Learning on the Job

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The stereotype of the college student, cocooned within the comforting sanctuary of higher education and divorced from the hardships of ‘real’ working life, could not be further from the truth for many students. Work Experience can play a major role in a young person’s preparation for a career. When so many graduates have achieved excellent academic results, the inclusion of valuable and relevant work experience on a CV is often the deal-breaker from an employer’s point of view. For some higher education courses – particularly in the engineering/architecture, business studies, healthcare and hospitality areas – work placement is a compulsory and vital part of the learning process. It offers the student the opportunity to apply the theoretical knowledge they have learned in the classroom to real-life situations and problems.

The unique difficulties of the workplace cannot be replicated in the lecture hall, and only work experience will allow you to evaluate your skills levels in that environment. Work experience is not a one-way street in terms of its benefits; employers stand to gain from it also. It is in their interests to help ensure graduates have the required skill levels to make the transition from education to full-time employment. Moreover, many employers (and students) gain directly from the process by inviting those on work placement to return to work on a full-time basis once they have graduated. So if you end up on a work placement in college, do not feel like you are imposing on the employer. Rather, try to be inquisitive, confident and most important of all, hard-working!

There are many different forms of work experience undertaken by college students, and they certainly need not be part of the student’s course to be relevant to his/her career prospects:Vocational – Many FETAC courses provided by the colleges of further education provide vocation-specific training to students. Industrial Placement – Usually carried out in the third year of a degree programme, in a job relevant to the course topic. It is a valuable opportunity to learn subject-specific skills from professionals who are ‘on the front line’ of your area of expertise. Professional Practice – When studying law, healthcare or teaching for example, students are required to learn and demonstrate their ability in a variety of competencies within the profession. The course-provider will often have links with agencies and companies that facilitate work placements for students.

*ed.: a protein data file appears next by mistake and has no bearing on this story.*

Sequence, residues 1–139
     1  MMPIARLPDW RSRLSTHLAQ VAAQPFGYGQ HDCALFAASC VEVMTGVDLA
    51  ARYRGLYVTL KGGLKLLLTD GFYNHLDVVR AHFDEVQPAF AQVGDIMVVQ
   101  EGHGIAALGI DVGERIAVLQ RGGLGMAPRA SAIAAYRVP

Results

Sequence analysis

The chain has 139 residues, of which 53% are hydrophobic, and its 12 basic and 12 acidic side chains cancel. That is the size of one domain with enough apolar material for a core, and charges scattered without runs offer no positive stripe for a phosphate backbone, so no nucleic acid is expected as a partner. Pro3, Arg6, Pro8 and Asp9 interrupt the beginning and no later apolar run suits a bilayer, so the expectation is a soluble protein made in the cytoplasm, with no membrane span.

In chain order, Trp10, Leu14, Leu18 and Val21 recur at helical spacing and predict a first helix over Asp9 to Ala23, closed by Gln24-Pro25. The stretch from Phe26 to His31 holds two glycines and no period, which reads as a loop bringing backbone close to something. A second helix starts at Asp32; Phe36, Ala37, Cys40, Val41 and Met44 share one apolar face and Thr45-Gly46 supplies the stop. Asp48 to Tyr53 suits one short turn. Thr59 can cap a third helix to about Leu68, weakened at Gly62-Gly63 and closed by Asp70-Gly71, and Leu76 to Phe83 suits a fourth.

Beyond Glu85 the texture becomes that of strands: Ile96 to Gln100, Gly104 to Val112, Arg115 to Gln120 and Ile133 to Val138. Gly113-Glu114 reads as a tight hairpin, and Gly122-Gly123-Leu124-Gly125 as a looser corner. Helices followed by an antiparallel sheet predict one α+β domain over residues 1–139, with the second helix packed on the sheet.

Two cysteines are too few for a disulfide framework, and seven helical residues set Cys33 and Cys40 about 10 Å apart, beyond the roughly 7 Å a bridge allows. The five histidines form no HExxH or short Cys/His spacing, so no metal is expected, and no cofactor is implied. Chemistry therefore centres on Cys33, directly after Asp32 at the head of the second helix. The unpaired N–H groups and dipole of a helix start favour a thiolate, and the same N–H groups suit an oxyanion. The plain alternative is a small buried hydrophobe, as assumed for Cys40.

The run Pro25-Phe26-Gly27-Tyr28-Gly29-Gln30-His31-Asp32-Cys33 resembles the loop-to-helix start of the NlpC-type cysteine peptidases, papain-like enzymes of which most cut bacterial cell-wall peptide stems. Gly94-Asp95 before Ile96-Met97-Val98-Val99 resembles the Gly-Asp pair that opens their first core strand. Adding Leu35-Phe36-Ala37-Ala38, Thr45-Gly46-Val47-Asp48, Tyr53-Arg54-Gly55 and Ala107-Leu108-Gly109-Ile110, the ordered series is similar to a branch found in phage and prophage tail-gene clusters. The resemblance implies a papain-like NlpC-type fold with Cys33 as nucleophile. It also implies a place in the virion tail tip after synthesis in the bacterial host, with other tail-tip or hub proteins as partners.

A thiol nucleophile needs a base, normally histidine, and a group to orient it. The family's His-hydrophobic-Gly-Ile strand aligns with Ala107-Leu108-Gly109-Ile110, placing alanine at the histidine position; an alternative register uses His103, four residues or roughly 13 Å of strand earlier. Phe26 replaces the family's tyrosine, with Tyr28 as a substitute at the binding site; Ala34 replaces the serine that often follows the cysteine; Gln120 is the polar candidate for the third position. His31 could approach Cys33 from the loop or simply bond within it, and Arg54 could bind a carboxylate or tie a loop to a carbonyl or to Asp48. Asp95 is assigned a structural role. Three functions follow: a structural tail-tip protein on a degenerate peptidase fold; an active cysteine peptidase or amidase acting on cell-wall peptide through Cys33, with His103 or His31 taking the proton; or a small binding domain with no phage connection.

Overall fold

International Exchange – Many Irish colleges offer students the opportunity to find a work placement abroad, sometimes during the academic year, as is the case with some Erasmus programmes. Other, more adventurous, programmes involve a summer holiday spent working further abroad in places such as South America or Asia. Part-Time Work – This option is not just about earning a few bob for socialising at the weekend. All the basic skills of the work-place can be learned in a part-time position, no matter how ‘menial’ the work appears to be. Those skills can involve time-keeping, communication skills, problem-solving and understanding how an organisation works.

Holiday Work – Rather than sitting around entranced by the extravaganza of monotony that is Wimbledon, why not get a short-term full-time job and earn the cash that will to ease your journey through the next academic year? A position relevant to the course would of course be ideal, but no matter what, the skills you learn will not go to waste. So there you have just a sample of the work experience options available to college students. The practicality and suitability of all options can be investigated by contacting the college careers office on an open day, or by talking to your career guidance teacher in school. Now get to work!


Whichcollege.ie is a national database of universities, colleges, institutes and providers of third level and PLC courses in Ireland. We operate a national search database of courses at certificate, diploma and degree level as well as providing information about career paths and directions.
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